The closely knit writing of the first two season was incredible, making joke after joke. Despite that, the shows ratings were low when it first aired in 2003, and the writers realized it could not go on. Season 3 was their last ditch attempt to keep the show on the air, and went to the extreme in bringing out the Arrested Development style. In this realization, it became the reflection on itself. The show became self aware, making jokes about lazy writing and using a narrator instead of the story to move the plot. It brought on as many famous celebrities as would agree to go on the show, and made a joke about using celebrities as a last ditch effort to save the Bluth company. While many feel that this is where the show began to drop off, this season is just as funny as the rest. It features the same awkwardness and miscommunication, and simply adds to the shows absurdity.

Netflix bought the show and aired a season 4 in 2013, seven years after the show was cancelled in 2006. The choice to try to recreate the same show, with the same cast, doing the same thing, ended with a shell of a season. Season five suffers from the same issues.

Bo Burnham’s What.

What? If the end of that question asks about a great comedy special, then the answer is What. Bo Burnham first made waves at the very beginning of YouTube’s cultural significance in 2006. He first uploaded original comedy skits that incorporated music. For example. “i’m bo yo.”, a witty introduction of himself, has 29 million views on YouTube. Right from the start, his content did not avoid topics of serious value. His satire touched on the topics of homosexuality, depression, white supremacy, and other prevalent issues on his mind. Fast forward a few years, and we get to What. What. is his second comedy special, released in 2013 to YouTube right after his tour. What. pushes comedy in a new direction, a blend of acknowledging our repressed emotions and appealing to our sense of what is funny. What sets it apart is its perfect timing, its appeal to the teenage audience and its use of YouTube.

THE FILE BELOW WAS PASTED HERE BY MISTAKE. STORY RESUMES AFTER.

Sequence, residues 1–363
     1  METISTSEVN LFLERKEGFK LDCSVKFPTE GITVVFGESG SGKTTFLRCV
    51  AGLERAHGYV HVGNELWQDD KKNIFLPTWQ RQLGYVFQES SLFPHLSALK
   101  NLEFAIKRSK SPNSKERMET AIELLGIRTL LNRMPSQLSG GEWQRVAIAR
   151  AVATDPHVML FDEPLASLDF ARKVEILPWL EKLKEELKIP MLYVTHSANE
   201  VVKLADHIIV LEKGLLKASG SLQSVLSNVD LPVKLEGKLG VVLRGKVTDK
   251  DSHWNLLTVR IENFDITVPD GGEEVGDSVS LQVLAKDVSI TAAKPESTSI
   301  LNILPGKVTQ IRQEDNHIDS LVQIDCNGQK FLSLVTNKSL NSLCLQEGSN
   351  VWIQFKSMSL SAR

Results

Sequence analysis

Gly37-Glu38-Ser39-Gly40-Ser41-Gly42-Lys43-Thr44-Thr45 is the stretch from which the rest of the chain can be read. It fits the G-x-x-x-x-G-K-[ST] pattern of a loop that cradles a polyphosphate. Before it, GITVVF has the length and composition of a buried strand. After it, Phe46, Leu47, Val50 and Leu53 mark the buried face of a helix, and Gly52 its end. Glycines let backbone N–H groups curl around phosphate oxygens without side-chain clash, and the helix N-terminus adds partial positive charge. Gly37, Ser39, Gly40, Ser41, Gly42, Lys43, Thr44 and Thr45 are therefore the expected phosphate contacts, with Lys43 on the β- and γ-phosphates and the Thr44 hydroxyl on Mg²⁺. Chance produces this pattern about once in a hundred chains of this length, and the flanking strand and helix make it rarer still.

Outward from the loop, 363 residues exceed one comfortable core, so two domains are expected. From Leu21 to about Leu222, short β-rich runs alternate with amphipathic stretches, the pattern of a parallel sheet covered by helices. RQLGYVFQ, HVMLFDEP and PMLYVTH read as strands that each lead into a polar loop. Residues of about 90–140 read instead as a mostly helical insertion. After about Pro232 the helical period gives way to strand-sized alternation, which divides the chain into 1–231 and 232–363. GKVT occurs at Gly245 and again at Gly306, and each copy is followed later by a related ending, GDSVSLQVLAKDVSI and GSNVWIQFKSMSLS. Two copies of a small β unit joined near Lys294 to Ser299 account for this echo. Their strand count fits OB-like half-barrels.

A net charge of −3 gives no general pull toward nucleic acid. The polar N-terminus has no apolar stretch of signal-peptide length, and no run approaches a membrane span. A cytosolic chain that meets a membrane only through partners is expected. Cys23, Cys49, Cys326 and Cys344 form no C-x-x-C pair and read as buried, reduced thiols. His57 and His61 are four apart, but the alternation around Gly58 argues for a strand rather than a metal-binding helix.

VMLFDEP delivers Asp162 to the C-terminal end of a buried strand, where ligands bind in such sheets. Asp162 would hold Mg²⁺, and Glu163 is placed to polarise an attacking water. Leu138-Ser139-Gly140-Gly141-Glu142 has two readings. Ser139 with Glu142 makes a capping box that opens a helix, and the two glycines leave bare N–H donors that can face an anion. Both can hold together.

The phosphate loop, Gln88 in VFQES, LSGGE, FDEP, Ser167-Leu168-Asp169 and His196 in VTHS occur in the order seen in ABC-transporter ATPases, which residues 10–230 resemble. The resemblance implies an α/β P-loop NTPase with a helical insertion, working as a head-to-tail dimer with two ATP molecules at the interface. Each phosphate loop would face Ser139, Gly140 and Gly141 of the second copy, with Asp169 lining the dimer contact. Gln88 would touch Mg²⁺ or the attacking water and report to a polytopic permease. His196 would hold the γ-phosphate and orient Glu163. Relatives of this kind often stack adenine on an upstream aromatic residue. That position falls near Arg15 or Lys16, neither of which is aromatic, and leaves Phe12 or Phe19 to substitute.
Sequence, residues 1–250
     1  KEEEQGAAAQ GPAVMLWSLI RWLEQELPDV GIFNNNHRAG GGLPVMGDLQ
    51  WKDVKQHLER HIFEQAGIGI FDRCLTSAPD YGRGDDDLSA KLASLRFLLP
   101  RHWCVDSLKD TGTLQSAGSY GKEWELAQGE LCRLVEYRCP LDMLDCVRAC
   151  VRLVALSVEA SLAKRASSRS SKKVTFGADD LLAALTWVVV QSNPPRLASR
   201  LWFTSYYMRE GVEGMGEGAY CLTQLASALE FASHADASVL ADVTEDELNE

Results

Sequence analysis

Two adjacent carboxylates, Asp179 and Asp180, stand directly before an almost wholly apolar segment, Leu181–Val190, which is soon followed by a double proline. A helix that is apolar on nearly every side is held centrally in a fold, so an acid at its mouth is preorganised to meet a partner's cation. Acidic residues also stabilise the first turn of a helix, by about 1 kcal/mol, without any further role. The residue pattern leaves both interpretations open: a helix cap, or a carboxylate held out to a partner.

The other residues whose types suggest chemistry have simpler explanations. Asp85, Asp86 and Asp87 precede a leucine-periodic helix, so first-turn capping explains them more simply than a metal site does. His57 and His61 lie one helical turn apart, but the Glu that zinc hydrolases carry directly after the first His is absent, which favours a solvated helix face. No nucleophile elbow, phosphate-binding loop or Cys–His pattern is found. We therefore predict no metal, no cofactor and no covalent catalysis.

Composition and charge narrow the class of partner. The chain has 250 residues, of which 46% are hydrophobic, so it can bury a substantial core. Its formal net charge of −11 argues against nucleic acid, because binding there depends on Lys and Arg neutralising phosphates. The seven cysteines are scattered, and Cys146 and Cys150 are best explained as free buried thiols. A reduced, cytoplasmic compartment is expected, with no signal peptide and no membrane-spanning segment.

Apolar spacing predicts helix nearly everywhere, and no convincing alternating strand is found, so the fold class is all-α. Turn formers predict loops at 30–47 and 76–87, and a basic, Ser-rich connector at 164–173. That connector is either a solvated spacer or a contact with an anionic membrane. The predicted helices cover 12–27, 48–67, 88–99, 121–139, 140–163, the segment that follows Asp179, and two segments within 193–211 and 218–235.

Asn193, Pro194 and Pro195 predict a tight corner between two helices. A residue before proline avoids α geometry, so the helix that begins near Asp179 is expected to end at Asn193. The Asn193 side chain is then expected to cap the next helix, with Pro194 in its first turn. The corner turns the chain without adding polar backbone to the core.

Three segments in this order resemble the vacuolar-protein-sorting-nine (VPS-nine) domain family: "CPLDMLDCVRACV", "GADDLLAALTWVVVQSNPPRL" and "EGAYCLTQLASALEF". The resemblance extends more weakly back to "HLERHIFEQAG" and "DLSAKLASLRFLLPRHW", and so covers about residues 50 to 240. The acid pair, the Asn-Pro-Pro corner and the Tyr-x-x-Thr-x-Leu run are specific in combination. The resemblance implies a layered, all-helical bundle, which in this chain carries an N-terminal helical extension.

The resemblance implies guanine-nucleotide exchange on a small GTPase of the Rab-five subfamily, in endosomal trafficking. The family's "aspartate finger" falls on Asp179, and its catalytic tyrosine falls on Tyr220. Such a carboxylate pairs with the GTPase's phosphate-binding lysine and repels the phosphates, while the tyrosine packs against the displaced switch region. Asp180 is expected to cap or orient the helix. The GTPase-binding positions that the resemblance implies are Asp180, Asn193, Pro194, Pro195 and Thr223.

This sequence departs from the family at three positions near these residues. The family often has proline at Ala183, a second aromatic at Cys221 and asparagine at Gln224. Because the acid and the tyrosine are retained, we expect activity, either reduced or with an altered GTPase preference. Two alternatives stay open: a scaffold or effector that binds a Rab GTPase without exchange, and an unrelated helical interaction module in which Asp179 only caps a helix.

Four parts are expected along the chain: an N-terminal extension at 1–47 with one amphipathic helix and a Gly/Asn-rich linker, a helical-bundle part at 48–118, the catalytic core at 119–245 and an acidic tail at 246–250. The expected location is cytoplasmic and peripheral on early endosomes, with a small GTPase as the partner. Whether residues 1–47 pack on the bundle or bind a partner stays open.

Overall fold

What. did everything perfectly for its teen audience. To start, it is a parody of itself. He over and over again breaks the fourth wall of stand up. When “reading” a poem from a notebook, he mentions that the pages are empty, and that he’s lying. In the intro track, he edits an audio loop so that he can have a fake argument with a sound person making a mistake, then edits in a clip of him saying that was all a lie. You can never guess what will come next in What.

What. is built around long musical pieces. Bo Burnham emerged early in Youtube’s reign, making videos mixing comedy and music. Often, small jokes are put in between set ups to keep the audience from being overwhelmed, but the show consists of a couple 10 minute song/jokes. Each song tells a different running joke, and a different story. It is both a standup show and a concert.

Teenagers love to hear something new, that goes against the grain, and Bo Burnham gives them just that. He discusses taboo issues for male comedians, from slut-shaming to religion to a lack of reason to live. He does this all through a heavy layer of satire. Rather than saying slut shaming is bad or funny, he attacks women (satirically) repeatedly, slowly revealing how sad his character’s life has become because of it.

While it’s funny, it isn’t a joke you hear and forget. Its appeal to the psyche forces us to consider; why is this funny? Is it even? On “Sad”, he criticizes the audience for laughing at these horrible things he says, just because they’re at a show. On “#deep”, he switches back and forth from worrying about his life to cracking jokes. Is this funny? That is for the audience to ponder.